Friday, August 10, 2012

Part of the Solution or Part of the Problem

In today's edition of the Daily Item, there was an editorial written in support of Lynn Mayor Judith Flanagan Kennedy's decision to spend nearly $20,000 on a TV promo for the city. While some news reports have questioned the Mayor's decision (see here and here), the writer of this editorial believes that there are plenty of good things to showcase about Lynn and that the funding allocated for the ad will be money well spent.




Though the decision to spend that amount of money on an ad is debatable, there is one statement in the editorial I agree with:


It’s 2012 — high time for critics within city limits to become part of the solution, to tell or show someone who is not aware about Lynn what’s great about it. It’s time for all to work to shed the unflattering ditty that has been attached to the city for too long.

It seems that some of Lynn's biggest detractors live within the city's boundaries and too often resort to complaining (most notably under anonymous names on online forums) without ever taking any sort of positive action. At last week's school department budget hearing, there were just 6 speakers (a record high compared to previous years) and approximately 20 people in the room. Other types of public hearings as well as school committee and city council meetings in the city tend to see the same kind of turnout. Voter participation in the 2011 local election was just 23% overall and as low as 12% in a few ward precincts. In the face of all of the negative criticism about the schools or the crime or the untidy streets from a sizeable proportion of Lynn residents, where are all the people speaking out about issues that concern them in the appropriate venues? It is important imperative that more residents become involved in whatever manner they choose - whether it be through a community organization, with the school system, voter participation, city cleanliness, mentoring or some other Lynn-related cause in order to affect the kind of tangible change Lynners are seeking. While it is the city officials' jobs to manage the city, it is all of our responsibility to make Lynn the city that it could and should be.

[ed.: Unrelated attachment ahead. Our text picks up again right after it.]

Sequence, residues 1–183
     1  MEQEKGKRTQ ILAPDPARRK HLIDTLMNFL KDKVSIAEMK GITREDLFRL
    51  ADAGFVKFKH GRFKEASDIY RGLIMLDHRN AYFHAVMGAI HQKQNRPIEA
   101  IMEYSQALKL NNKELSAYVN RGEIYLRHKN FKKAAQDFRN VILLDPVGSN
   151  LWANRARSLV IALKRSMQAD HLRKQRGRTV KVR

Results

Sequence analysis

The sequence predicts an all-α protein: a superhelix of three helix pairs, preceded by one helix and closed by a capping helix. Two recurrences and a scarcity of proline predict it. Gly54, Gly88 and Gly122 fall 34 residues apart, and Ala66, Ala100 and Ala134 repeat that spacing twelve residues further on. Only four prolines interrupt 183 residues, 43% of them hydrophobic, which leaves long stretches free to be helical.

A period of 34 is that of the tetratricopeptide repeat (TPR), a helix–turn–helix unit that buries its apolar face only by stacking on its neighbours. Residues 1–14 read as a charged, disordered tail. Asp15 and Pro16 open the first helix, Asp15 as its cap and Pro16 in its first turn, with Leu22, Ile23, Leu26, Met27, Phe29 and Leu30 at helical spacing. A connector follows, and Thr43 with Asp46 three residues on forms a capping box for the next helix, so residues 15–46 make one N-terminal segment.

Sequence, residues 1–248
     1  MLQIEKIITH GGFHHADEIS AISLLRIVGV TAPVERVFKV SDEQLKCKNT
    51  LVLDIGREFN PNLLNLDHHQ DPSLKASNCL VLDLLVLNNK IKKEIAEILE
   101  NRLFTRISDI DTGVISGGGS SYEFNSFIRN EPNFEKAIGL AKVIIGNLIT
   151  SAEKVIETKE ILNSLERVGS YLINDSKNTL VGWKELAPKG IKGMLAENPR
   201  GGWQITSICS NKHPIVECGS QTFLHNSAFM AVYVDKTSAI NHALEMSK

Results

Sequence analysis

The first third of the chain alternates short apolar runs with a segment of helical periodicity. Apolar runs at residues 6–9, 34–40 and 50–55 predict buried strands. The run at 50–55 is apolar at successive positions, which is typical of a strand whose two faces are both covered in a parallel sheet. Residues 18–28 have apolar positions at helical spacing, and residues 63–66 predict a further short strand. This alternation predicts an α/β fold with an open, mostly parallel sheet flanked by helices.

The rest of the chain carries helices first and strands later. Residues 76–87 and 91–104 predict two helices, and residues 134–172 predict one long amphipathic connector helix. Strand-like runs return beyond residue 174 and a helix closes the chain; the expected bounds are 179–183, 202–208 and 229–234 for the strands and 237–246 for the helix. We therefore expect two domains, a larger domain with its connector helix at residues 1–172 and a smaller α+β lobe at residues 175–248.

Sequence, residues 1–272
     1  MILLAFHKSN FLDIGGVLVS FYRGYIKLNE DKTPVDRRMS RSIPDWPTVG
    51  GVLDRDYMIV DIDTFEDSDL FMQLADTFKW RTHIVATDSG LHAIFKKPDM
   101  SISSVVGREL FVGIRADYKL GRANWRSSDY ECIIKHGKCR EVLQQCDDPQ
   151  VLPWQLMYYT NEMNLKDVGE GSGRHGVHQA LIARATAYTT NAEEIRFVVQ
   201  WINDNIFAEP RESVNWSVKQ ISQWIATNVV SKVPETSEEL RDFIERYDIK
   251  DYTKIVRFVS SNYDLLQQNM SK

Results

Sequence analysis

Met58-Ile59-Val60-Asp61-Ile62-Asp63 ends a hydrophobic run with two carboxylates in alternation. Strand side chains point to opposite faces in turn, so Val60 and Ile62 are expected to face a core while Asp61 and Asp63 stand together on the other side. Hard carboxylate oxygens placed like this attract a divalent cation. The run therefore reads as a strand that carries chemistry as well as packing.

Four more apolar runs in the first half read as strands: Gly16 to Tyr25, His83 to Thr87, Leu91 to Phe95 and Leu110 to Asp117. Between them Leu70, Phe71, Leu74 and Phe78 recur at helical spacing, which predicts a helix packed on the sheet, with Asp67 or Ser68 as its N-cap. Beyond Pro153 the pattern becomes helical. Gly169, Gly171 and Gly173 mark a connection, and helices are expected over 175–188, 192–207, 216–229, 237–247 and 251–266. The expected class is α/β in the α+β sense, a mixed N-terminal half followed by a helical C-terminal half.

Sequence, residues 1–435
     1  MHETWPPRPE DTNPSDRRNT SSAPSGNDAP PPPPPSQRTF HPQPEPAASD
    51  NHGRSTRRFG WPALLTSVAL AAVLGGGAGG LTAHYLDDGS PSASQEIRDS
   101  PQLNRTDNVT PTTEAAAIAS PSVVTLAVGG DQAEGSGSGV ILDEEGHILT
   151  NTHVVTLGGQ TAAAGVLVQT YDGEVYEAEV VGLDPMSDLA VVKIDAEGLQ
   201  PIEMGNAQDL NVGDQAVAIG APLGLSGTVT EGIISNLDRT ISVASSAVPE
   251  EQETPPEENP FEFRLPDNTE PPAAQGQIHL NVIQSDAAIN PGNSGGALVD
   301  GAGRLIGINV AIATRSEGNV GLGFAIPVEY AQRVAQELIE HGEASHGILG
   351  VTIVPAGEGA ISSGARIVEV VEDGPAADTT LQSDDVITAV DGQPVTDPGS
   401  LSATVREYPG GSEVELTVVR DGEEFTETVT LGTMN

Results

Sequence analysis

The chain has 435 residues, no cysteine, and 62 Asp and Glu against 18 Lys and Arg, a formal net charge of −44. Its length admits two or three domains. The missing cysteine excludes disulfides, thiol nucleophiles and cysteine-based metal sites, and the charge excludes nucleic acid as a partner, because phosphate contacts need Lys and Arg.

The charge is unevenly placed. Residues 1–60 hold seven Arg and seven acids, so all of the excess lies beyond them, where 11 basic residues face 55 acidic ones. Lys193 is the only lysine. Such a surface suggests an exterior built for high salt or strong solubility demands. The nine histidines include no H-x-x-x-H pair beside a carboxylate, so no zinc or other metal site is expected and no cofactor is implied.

5 comments:

  1. But Cleo, of course you know that it's easier to hide behind a screen name and complain without actually doing anything. Taking action actually requires effort. Imagine that.

    If I had a dollar for every nasty, racist or ignorant comment I read in the Item's comment section, my wallet would be quite padded. Maybe you should do a monthly feature in which you take a comment out of the Item and respond to it with actual facts. You're really good at that!

    - Joanna Sese

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    1. Excellent suggestion, Joanna! I would have to stomach reading the comment sections but it would be interesting to highlight how off base some of the commentary can be.

      Thanks :)

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  2. I agree: just complaining on the comments section of Lynn Item, or anywhere for that matter, doesn't help. I used to find myself making a lot of cheeky comments there under an assumed name. I've seen those screen names come and go. Now I only post under tmsheehan.

    At its worst, the internet is one big echo chamber, where those with the same views can easily find a place to reinforce their own beliefs and not be open to others.

    Tom Sheehan

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    1. I would also add that the type of activism that some people in Lynn engage in can also not be that productive. For example, constantly going on about "failing schools" or being the "best of the worst" even to the appropriate people (school committee, mayor, Dept of Ed) is not constructive unless there is going to be some other sort of positive action to go along with it. What are some solutions? How can parents and community members help to tackle this problem now? There has to be a point where you stop talking about an issue and start doing something that results in a tangible change.

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